• Evaluate total cost of ownership (TCO): Every product and every service has its price – but that is not just the purchase price that you pay when you buy it. The concept of total cost of ownership (TCO) is based on a holistic view of not only the acquisition costs, but also all ongoing direct and indirect costs for a deliberate resource allocation. However, it should be noted that some factors remain uncertain and are difficult to add to the purchase price with sufficient precision. 
  • Leverage cloud services. Cloud platforms like AWS, Google Cloud, or Azure provide scalable, pay-as-you-go infrastructure for a robust decision-making framework. This approach minimizes capital expenditure and allows for flexible scaling based on demand. But customers often have minimal to no control over cloud-based infrastructure and are highly dependant on external service providers. 
  • Consider a tailor-made development. If off-the-shelf solutions don’t meet all your needs, assess the feasibility of custom development. For example, a tailored customer data platform development can be initially developed with narrow-targeted functions and save costs on potentially unnecessary built-in features of standard solutions.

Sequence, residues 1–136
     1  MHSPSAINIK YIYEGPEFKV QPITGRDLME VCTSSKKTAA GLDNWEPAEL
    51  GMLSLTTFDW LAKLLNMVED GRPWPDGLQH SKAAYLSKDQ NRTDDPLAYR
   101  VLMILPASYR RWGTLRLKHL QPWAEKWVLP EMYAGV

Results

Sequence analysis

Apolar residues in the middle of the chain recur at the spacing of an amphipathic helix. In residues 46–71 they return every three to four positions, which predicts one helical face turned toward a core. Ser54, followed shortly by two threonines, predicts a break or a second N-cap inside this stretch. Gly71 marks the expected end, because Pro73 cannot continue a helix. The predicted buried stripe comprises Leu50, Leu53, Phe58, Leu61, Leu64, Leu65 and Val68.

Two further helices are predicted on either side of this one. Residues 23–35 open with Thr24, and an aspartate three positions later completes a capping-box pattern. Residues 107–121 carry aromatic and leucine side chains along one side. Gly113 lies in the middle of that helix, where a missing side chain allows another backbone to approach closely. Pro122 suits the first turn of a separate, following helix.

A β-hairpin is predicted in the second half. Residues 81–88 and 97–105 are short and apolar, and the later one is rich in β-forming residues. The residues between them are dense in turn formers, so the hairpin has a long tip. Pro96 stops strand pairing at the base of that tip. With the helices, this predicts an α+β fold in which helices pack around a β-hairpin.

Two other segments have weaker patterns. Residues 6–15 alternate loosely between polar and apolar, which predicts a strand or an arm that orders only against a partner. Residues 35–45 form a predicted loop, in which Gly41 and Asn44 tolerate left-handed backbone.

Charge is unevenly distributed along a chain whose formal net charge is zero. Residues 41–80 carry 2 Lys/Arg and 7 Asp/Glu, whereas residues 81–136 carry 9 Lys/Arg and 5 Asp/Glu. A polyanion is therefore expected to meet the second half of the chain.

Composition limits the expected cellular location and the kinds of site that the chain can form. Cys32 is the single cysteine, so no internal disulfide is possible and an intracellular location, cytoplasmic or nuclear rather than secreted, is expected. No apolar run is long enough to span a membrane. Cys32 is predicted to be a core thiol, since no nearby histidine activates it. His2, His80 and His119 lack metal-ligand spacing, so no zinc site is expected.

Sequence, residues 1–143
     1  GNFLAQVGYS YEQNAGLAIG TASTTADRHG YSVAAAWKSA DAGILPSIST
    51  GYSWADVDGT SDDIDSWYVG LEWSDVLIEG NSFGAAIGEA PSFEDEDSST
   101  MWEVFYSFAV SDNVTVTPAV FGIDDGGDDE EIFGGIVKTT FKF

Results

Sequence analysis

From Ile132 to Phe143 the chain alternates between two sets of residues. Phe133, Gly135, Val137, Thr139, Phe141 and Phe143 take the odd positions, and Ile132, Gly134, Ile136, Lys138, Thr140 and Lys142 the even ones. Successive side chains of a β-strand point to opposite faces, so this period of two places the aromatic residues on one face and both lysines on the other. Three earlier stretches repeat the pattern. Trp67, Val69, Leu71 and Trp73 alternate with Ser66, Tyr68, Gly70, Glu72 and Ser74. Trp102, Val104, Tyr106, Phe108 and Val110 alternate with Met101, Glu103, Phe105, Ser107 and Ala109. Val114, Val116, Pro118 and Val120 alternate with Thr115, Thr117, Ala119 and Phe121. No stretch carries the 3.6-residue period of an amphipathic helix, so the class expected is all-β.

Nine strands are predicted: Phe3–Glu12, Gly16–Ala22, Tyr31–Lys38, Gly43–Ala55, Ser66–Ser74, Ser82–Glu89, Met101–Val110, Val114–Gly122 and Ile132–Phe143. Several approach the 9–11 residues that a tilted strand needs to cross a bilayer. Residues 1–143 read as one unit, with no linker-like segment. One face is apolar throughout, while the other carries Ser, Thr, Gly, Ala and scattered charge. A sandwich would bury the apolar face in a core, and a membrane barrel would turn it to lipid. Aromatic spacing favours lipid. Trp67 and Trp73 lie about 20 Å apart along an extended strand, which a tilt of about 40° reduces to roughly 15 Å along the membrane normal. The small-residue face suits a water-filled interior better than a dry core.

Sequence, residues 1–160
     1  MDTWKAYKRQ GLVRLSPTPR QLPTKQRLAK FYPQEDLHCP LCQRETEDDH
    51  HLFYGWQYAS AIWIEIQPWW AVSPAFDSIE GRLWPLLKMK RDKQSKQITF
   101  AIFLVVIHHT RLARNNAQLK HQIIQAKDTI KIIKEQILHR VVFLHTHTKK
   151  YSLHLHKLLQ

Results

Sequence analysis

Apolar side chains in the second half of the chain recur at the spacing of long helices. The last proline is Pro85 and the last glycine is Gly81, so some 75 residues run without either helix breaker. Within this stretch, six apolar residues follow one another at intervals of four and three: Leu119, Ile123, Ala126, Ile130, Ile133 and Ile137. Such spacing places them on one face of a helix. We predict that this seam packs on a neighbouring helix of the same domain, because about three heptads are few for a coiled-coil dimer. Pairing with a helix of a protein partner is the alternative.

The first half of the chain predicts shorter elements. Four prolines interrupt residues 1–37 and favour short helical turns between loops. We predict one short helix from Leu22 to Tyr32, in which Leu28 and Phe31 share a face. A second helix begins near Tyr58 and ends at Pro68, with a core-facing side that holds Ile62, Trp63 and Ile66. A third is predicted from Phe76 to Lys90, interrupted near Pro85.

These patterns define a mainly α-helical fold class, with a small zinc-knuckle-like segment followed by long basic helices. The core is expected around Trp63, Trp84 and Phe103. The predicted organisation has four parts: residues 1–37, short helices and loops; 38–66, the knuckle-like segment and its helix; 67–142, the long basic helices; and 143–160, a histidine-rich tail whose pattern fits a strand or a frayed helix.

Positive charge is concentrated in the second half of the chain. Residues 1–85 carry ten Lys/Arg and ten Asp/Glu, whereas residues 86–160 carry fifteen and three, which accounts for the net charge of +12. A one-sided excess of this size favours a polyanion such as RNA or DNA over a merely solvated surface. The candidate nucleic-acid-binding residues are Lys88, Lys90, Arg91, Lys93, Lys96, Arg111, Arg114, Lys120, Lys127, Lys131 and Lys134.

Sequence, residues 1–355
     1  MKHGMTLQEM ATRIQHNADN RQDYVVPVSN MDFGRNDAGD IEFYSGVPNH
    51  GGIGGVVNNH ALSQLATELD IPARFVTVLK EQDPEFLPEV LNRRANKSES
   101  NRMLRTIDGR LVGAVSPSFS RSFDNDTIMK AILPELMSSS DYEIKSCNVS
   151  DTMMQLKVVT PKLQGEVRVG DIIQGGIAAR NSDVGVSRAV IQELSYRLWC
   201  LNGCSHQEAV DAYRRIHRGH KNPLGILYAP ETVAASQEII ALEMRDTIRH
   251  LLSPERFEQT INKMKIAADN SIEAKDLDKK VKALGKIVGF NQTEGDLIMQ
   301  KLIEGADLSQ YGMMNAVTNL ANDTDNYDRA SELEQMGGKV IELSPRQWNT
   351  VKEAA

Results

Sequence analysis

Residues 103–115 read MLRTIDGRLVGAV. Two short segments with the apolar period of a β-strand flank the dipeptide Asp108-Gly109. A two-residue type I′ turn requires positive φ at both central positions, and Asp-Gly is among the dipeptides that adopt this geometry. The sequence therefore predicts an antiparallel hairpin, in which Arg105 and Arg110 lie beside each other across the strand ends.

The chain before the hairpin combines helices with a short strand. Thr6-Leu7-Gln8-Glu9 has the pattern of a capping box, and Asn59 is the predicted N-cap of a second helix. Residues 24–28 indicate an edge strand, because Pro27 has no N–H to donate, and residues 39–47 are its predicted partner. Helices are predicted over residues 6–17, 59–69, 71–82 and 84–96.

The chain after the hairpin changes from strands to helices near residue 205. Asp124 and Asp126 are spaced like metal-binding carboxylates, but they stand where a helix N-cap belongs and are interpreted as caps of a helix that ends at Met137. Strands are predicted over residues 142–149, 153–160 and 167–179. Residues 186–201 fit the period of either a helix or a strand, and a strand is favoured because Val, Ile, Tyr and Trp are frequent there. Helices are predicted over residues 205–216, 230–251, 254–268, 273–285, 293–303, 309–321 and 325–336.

The enormous growth in data sources and volumes as well as the different data requirements of different users pose a major challenge. With so many different types of software tools available, it’s easy to get lost. It’s important to emphasize that choosing the right tools depends on your company’s individual needs and goals, so you won’t need all of them.  

Data is the new gold, and companies that understand how to use it effectively will undoubtedly be the ones that succeed in the digital economy. Have a non-binding talk with the Lightpoint expert to weigh all the opportunities and assemble the best fit for your use case.